A Redux of a Very Bad Deal
The Biden administration seeks to reinstate the 2015 nuclear agreement with Iran and begins next week in Vienna, Austria to negotiate that resurrection through intermediaries, according to the New York Times. That’s not good news for the Middle East and America. However, the Chinese will clearly benefit, thanks to the communist regime’s growing leverage with the Islamic Republic.
The 2015 nuclear deal, the Joint Comprehensive Plan of Action (JCPOA), was negotiated by then-secretary of State John Kerry, and widely viewed as President Obama’s signature foreign policy achievement. The Iranian leadership agreed to restrictions to and inspections of their nuclear program evidently intended to prevent them from developing a nuclear weapon in exchange for lifting crippling sanctions.
President Obama sidestepped domestic opposition to the deal by making the agreement an executive action rather than seeking ratification of a treaty subject to a Republican-controlled Senate and a certain death. Meanwhile, Obama sweetened the deal for the Persian mullahs by shipping via an unmarked aircraft that landed in Tehran at midnight $1.8 billion in cash followed up by releasing $150 billion in frozen Iranian assets.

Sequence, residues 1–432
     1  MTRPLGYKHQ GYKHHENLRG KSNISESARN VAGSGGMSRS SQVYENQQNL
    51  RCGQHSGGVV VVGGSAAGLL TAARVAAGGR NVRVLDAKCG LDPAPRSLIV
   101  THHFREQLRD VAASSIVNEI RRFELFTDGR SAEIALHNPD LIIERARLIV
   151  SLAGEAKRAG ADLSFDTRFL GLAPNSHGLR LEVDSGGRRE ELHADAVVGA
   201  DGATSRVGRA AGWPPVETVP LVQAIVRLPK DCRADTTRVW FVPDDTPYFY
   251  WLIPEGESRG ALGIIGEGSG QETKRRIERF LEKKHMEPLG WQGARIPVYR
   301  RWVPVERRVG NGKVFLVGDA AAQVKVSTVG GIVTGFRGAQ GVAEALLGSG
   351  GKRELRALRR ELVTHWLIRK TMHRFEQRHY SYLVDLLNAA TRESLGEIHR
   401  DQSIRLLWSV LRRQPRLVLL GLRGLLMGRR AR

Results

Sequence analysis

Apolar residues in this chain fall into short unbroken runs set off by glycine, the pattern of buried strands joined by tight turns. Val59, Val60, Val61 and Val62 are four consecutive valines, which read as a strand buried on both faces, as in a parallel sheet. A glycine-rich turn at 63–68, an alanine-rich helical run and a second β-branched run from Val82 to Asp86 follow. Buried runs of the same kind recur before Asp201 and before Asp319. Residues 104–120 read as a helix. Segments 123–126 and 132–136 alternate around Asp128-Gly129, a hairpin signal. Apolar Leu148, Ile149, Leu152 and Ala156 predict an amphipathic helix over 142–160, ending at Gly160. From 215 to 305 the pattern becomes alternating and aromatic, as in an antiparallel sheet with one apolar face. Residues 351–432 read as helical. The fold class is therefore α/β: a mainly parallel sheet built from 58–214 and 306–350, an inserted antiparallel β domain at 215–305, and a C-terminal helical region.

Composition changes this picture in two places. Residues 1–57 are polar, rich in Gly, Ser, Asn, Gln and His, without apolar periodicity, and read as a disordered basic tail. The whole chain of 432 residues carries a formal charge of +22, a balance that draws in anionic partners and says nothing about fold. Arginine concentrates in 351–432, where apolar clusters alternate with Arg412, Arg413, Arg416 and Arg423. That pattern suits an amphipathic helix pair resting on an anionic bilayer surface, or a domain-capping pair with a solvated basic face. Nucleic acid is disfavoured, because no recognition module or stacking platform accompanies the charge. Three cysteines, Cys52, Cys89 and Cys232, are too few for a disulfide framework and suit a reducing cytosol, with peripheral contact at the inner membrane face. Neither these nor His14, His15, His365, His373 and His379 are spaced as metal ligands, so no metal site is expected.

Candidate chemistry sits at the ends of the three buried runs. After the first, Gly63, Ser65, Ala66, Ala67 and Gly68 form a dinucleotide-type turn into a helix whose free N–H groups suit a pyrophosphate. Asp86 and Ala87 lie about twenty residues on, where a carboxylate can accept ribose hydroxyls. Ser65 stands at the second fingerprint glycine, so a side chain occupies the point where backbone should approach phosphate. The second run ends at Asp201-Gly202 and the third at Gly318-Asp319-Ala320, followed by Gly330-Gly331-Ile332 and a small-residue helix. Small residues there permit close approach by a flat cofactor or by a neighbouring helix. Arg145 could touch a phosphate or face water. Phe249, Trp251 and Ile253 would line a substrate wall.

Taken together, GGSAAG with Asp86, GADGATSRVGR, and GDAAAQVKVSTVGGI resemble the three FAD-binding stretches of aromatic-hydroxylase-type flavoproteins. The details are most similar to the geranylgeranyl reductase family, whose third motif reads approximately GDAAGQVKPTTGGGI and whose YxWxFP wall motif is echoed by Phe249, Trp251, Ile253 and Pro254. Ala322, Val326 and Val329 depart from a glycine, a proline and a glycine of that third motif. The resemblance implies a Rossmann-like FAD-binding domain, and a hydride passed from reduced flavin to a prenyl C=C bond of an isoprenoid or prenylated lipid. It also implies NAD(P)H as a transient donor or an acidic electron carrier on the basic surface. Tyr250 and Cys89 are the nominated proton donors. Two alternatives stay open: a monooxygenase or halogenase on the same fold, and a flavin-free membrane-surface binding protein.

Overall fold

Then in 2016 Obama’s legacy achievement became the object of one of then-presidential candidate Donald Trump’s primary campaign promises, which he labeled a “rotten” agreement. In May 2018 President Trump made good on his promise to scrap the Iran nuclear deal which he characterized as built on a foundation of lies.